According to executives familiar with the situation, P&G began pressuring the stateside units to offer fees more in line with shops in Puerto Rico, where the cost of doing business is lower. In a shock for a company renowned for generally longlasting and stable general agency relationships, executives of three stateside P&G Hispanic shops were so exasperated that they discussed resigning their accounts en masse, according to the executives. They never actually took the step and their parent agencies, all P&G roster shops, would have been unlikely to ever condone such a threat.

"It's very hard for anyone in the Hispanic marketing business to make money with Procter & Gamble," said an agency executive, adding that the Hispanic agencies and P&G have discussed their problems, though pricing pressures remain. The executive blamed tensions on expectations from P&G headquarters rather than executives in the Puerto Rico-based Multicultural Business Develop-ment Organization.

"With every agency we work with, we want a competitive price for the services we're asking for, but we want a win-win, principle-based relationship" said Bob Wehling, P&G's global marketing officer. "As we've heated up our Hispanic activity with the formation of the multicultural marketing group, I think they've been feeling their way into a lot of their agency relationships. ... Nothing has escalated to my level. No agency has come to me and said we've got an issue with the way we're being treated."

P&G isn't the only comapny looking to get more for its money from specialty marketing services. Morgan Anderson Consulting, New York, is working on two reviews aimed strictly at consolidating marketing services shops for large clients.

Larger marketers, which used to allow individual brands or business units to manage their own marketing services shops, increasingly are managing those relationships centrally, said Arthur Anderson, a principal with the firm. Central management often means consolidation and negotiation of more favorable compensation arrangements.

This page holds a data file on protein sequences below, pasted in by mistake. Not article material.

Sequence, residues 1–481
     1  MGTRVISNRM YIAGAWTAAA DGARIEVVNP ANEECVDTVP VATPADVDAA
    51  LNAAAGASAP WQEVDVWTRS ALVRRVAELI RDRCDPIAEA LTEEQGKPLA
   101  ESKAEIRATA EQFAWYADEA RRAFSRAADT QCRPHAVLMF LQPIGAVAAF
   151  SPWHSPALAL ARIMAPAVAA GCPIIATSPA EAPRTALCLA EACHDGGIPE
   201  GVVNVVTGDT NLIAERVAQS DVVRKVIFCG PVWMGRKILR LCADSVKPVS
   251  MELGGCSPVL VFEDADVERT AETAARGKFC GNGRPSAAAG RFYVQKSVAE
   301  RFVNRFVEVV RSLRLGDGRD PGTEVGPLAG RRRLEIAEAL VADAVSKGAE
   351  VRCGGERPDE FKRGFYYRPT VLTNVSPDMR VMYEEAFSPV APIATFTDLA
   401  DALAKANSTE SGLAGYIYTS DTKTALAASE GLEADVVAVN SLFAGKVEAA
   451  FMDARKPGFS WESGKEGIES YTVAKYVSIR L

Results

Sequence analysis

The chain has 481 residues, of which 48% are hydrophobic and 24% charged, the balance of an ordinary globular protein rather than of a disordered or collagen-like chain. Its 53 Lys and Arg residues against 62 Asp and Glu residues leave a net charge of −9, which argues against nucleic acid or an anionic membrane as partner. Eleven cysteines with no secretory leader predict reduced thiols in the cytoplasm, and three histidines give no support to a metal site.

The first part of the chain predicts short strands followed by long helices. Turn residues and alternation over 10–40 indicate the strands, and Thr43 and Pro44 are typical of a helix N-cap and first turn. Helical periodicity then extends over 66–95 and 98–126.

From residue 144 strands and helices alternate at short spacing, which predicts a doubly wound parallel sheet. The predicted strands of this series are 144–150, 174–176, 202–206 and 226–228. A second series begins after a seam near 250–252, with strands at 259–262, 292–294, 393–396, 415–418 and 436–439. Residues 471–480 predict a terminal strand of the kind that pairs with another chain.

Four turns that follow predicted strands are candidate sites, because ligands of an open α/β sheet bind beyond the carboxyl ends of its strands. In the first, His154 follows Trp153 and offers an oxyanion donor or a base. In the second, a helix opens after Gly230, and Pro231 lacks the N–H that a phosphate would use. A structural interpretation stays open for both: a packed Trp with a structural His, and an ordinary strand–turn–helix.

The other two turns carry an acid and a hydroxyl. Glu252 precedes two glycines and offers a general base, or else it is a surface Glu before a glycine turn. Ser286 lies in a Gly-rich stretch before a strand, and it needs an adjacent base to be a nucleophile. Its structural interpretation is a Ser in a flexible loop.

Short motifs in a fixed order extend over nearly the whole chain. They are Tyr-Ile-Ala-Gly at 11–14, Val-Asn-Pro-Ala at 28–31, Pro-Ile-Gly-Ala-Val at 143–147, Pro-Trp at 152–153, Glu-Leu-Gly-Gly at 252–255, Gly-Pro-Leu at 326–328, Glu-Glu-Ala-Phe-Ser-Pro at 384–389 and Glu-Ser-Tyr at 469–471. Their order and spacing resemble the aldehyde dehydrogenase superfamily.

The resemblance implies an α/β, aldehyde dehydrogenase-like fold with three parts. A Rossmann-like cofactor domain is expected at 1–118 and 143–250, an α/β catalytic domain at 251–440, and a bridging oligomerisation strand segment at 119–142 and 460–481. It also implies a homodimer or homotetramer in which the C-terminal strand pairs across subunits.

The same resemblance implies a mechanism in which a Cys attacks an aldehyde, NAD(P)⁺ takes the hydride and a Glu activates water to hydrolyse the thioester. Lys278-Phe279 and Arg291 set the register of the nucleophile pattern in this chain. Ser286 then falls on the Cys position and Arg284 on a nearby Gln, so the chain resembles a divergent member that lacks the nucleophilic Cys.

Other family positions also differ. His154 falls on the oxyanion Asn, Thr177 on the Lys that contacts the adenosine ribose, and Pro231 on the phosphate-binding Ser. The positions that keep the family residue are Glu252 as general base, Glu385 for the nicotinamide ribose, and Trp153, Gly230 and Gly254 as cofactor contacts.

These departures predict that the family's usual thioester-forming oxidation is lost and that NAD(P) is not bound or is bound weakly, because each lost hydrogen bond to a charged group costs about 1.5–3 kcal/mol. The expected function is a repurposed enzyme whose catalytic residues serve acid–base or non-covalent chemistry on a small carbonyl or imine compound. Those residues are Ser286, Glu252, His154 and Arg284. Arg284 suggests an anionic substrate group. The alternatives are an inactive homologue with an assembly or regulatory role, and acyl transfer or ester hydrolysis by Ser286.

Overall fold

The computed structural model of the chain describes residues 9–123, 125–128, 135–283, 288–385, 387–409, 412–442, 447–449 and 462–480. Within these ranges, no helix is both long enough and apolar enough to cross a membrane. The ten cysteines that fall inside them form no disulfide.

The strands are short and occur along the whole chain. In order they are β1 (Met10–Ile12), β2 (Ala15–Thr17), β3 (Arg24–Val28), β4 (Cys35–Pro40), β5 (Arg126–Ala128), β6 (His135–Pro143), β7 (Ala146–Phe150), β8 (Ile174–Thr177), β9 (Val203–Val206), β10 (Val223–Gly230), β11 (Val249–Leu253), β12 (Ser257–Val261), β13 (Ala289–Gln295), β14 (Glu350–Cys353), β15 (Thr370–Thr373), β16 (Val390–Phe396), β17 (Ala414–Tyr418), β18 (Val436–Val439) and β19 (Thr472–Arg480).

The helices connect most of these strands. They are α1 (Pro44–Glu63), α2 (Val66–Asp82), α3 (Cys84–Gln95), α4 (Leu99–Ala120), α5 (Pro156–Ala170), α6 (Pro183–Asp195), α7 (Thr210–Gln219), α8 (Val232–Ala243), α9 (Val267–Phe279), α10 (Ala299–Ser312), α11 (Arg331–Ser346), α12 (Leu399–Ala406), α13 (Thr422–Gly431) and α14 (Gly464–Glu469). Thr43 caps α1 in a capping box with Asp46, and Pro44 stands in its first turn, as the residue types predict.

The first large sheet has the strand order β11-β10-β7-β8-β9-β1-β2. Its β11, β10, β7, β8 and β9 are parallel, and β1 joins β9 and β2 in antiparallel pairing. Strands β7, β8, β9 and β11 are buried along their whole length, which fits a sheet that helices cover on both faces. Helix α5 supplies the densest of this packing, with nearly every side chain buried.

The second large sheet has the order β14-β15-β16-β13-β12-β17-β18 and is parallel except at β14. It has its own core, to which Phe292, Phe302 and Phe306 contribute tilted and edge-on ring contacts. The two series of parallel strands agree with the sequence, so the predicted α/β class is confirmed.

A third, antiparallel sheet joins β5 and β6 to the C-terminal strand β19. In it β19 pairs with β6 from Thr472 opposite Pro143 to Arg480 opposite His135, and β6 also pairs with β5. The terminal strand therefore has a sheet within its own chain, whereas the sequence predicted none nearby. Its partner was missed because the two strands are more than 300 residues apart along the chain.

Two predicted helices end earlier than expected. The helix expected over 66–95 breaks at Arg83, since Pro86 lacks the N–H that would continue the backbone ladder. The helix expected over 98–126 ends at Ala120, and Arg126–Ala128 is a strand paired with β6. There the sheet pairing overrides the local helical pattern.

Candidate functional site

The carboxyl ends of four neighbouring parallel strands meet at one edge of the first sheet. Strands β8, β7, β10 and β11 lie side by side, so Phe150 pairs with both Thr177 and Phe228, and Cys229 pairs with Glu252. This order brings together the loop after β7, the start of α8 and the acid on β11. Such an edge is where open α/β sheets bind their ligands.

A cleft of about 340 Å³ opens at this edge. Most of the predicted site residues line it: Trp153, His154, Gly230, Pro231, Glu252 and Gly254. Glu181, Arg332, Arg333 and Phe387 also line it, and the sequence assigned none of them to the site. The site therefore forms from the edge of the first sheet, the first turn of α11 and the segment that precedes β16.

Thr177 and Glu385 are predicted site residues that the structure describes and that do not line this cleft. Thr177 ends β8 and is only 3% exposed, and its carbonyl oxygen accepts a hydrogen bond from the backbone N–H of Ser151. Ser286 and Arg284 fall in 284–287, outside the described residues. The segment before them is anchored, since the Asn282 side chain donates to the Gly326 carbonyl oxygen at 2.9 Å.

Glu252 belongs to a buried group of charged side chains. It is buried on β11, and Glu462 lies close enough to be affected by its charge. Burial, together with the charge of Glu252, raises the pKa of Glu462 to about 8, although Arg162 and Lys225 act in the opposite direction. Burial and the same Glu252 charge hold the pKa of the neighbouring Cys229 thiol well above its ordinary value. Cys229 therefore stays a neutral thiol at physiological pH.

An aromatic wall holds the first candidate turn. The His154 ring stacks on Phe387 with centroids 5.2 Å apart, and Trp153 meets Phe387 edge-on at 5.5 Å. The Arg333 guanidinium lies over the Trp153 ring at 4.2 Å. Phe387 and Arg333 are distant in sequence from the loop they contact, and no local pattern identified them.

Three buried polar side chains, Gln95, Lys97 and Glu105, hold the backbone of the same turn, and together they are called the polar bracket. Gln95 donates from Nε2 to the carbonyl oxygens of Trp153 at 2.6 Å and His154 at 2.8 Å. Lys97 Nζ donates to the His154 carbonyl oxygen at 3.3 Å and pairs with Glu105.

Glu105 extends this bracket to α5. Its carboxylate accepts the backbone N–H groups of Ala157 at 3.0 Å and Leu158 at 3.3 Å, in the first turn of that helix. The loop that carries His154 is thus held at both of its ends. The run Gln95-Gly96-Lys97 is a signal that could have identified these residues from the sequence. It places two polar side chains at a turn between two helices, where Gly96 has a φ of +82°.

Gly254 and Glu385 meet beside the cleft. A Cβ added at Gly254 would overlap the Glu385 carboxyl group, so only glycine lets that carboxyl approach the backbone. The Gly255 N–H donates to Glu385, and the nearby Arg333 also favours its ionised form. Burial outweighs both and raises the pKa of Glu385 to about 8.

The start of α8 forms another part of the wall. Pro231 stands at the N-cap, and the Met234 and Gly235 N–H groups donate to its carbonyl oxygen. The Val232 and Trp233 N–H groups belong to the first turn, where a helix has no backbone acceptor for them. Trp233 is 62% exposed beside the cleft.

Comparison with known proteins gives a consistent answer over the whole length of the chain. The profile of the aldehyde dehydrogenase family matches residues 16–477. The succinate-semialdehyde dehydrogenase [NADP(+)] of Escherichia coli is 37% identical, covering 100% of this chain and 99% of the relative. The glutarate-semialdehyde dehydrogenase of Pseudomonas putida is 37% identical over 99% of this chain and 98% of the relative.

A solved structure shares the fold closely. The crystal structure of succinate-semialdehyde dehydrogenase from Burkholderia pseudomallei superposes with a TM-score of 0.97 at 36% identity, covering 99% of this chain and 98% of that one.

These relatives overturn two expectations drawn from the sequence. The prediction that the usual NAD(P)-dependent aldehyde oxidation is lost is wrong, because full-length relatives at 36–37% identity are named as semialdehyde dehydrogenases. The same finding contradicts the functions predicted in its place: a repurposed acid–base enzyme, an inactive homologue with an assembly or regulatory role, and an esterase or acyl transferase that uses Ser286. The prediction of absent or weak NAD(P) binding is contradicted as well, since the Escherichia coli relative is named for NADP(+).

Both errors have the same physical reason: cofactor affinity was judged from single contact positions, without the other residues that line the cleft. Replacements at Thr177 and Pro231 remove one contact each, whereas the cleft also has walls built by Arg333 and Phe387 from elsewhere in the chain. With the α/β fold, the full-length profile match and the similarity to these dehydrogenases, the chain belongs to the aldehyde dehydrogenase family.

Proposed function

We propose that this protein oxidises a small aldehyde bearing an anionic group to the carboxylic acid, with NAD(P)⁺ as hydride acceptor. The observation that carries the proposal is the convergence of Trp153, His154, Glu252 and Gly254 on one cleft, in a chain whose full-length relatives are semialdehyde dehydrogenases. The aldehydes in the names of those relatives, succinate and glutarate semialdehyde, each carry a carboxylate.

"It's driven in part because clients are spending more money [on the marketing services shops]," said Mr. Anderson. "But also it's just part of the whole procurement culture that you see in many large marketing organizations, where purchasing [departments] are involved in these decisions along with marketing. Purchasing and sourcing [people] approach things differently than marketing people. They look at economies of scale, accountability, pay for performance in a different way than marketing."

Mr. Beals expects DaimlerChrysler's deal last year with Omnicom, combining both general agency services from DDB Worldwide and BBDO World-wide along with other marketing services, to become a model for future consolidations of general and specialty work. "What essentially happened is that Omnicom agreed to a very favorable margin for one client," he said. "As people start to exercise their options like DaimlerChrysler, it's not going to take much time for people who aren't getting those deals to scratch their heads and say `Hey, wait a minute. If it's good enough for DaimlerChrysler, it's good enough for me."

Clients, though, have long been rankled by the suspicion that others are getting better deals, Mr. Anderson said. Strangely, however, his own analysis indicates that smaller accounts traditionally have gotten the best deals, from the standpoint of offering agencies lower profit margins than the large accounts. "It's very certain to us in the work we do that certain clients of an agency provide a disproportionate amount of the profit," he said. "And most clients don't like this. They want to pay their fair share."

Small accounts, along with a handful of longtime advertisers who have stuck with commissions either from inertia or for administrative simplicity, are among the last remaining guardians of the once-standard 15% commission, Mr. Anderson said. But while that may not seem as good a deal as the fee- and performance-based packages given to big clients, it's often a very good deal given agency economics.

It may take nearly as much creative, production and media planning and buying time for a $10 million account as for a $100 million one, he said, making the larger account far more lucrative. Were deals done strictly based on profit margins, small advertisers might pay commissions of 18% to 20% or more, Mr. Anderson said.